Wednesday’s featured service is oil pan gasket replacement on a 2001 Chevrolet Corvette, brought to us by a client from Marpole, Vancouver.
Oil leak repairs are a frequent service at our shop. Engines are especially prone to leaks from their many seals and gaskets. In all fairness, gasket and seal technology has improved incredibly over the years with most manufacturers having relatively leak free engines. However all good things must come to an end and sooner or later all gaskets and seals will fail; they just last longer than they used to. On the downside, engines are much more complex than they once were and this often makes seal and gasket replacement an expensive repair.
Our featured 2001 Chevrolet Corvette had under 100,000 kilometers which is relatively low mileage. At this time only the oil pan gaskets were leaking. After doing a diagnosis we found most of the leak, about 80%, coming from the lower oil pan gasket. This is a relatively easy and low cost fix. The upper oil pan gasket was leaking enough that it also warranted replacement: a much more complex and expensive repair.
Occasionally we find something interesting in the course of our services and what we found on the Corvette’s upper oil pan qualified as such. There was a crack in the pan’s gasket surfaced caused by a bolt that had been installed incorrectly. The bolt attaches the transmission cooler lines to the oil pan and a previous technician had installed too long of a bolt which cracked the pan’s surface. Fortunately we were able to repair the crack for no extra cost to our client.
Removing and reinstalling the upper oil pan involves first removing the front suspension cross member and supporting the engine in place.
The Corvette seems an anomaly for the Chevrolet line. While most Chevy cars are low to mid end cars the Corvette stands out as a unique high performance sports car. It has obviously worked well for GM as the car has been offered and sought after since it’s introduction in 1953.
For more on the Chevrolet Corvette please view this link http://en.wikipedia.org/wiki/Chevy_Corvette
For more about the engines found in Corvettes and other GM vehicle view this link http://en.wikipedia.org/wiki/LS9
Wednesday’s featured post is Fuel Pump Replacement on a 2002 Chevy Cavalier, brought to us by a client from Burnaby, BC.
The Chevy Cavalier was for many years the top selling GM car; and for around 12 grand it was a pretty decent car. For that price, though, the Cavalier was basic transportation.
Early Chevy Cavalier engines were prone to blown head gaskets however they rectified this concern on later models.
Our featured Cavalier was towed to our shop with a no-start condition. After diagnosis we determined that the fuel pump had failed (this was our second fuel pump replacement this week, the other being on a Dodge Ram truck).
As is the norm in 2000 and newer vehicles, the fuel pump is part of the fuel tank module: a unit which simply slips in and out of the gas tank (once the tank is removed from the vehicle). The module contains the fuel pump, the pressure regulator, fuel gauge sending unit and on some models, a tank pressure sensor and the fuel filter.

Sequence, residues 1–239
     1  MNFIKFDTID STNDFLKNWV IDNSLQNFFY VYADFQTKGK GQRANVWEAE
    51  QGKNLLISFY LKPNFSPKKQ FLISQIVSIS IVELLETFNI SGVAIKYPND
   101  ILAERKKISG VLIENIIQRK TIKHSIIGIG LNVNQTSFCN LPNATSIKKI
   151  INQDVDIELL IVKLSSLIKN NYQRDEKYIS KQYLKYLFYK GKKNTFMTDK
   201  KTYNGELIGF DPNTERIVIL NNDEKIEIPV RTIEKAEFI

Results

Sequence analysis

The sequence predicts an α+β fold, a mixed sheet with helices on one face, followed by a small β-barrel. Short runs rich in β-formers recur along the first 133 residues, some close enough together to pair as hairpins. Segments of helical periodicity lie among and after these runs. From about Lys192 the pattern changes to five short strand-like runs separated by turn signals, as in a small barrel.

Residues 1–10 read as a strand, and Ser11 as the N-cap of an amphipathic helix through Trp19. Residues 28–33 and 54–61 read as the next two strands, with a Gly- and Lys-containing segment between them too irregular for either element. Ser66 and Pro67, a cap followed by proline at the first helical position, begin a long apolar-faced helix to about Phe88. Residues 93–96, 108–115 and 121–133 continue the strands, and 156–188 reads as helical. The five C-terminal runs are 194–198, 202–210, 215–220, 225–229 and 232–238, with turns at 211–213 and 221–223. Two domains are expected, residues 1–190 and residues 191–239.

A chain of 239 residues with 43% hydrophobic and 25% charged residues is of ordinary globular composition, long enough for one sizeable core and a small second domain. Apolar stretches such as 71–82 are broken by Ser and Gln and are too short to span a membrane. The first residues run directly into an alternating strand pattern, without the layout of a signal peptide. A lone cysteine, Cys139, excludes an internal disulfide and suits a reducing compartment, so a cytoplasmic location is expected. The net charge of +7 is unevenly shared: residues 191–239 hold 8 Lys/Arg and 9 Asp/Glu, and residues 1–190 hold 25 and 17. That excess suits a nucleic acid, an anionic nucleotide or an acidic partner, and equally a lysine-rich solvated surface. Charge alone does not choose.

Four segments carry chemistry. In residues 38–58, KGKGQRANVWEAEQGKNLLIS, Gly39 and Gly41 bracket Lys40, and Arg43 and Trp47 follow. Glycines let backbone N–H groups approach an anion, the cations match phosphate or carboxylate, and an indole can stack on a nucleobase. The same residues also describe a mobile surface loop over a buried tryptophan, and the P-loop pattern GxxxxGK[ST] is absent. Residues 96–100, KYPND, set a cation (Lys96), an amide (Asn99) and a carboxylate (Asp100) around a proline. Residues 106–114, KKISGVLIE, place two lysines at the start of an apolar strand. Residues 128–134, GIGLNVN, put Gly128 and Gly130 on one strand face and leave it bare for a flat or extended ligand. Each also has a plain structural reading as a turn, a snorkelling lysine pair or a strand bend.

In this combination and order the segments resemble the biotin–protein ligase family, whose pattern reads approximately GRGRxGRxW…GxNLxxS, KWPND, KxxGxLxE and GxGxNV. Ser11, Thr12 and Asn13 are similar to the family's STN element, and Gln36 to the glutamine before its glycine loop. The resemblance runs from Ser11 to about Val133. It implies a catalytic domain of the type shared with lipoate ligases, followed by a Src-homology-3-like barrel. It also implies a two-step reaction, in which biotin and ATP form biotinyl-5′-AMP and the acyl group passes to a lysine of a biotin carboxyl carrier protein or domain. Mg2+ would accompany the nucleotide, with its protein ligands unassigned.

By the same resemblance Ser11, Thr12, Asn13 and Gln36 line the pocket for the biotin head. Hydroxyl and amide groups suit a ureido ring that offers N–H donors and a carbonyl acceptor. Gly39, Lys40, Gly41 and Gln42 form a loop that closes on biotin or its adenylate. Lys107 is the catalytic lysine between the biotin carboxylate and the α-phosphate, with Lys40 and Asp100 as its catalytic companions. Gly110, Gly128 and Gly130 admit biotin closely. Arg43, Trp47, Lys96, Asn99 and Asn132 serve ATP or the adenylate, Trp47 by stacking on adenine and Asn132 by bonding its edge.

With the pump replaced the Cavalier roared to life and ran great. The new pump should last for another 10 or more years. At one time GM products had very poor quality fuel pumps but this is no longer the case.
For most vehicles you can expect to get 200,000 kilometers out of your fuel pump, however some die sooner but many will last twice that distance.
For more information about the Chevy Cavalier click this link http://en.wikipedia.org/wiki/Chevy_Cavalier
For more about fuel pumps, mechanical and electric check out this link http://en.wikipedia.org/wiki/Electric_fuel_pump
Tuesday’s featured post is a M2 Maintenance Service performed on a 2006 Chevrolet Uplander, and brought to us by a client from Bridgeport, Richmond.
Our Chevrolet Uplander, like all vehicles, requires maintenance to keep it reliable. At Pawlik Automotive our M2 Maintenance Service consists of a lube, oil and filter service along with a comprehensive inspection.
The comprehensive inspection includes: a lengthy road test to evaluate the vehicle’s operation; a thorough underhood visual inspection plus a cooling system pressure test and a battery and charging system test; a complete under vehicle inspection of steering, suspension and drivetrain components along with a detailed brake inspection. Tires are rotated if required. Door, hood and trunk latches, hinges and locks are lubricated.
The beauty of this inspection is the information gathered helps assess the condition of the vehicle and allows the vehicle owner to make plans on appropriate services needed now and in the future.
How often should this service be done? Every second to third oil change or every twelve to eighteen months.
The comprehensive inspection alone is a great tool to evaluate the condition of any vehicle and help you make decisions about the vehicle if you’re sitting on the fence.
Our Chevrolet Uplander was in very good condition. The owner takes very good care of this vehicle and it shows. I would also say that GM has improved this vehicle greatly from preceding models. The Uplander is the replacement vehicle for the Chevrolet Venture which was a very problematic vehicle. We had a client who brought a Venture to us at 50,000 kilometers needing $4000.00 worth of repairs. By the time they hit 100,000 kilometers the same $4000.00 in repairs were needed again. That was not a well built vehicle. This Uplander, at 90,000 kilometers has needed none of that work.
For more about the Chevrolet Uplander click here http://en.wikipedia.org/wiki/Chevrolet_Uplander
Here’s a review on the Chevrolet Uplander http://www.edmunds.com/chevrolet/uplander/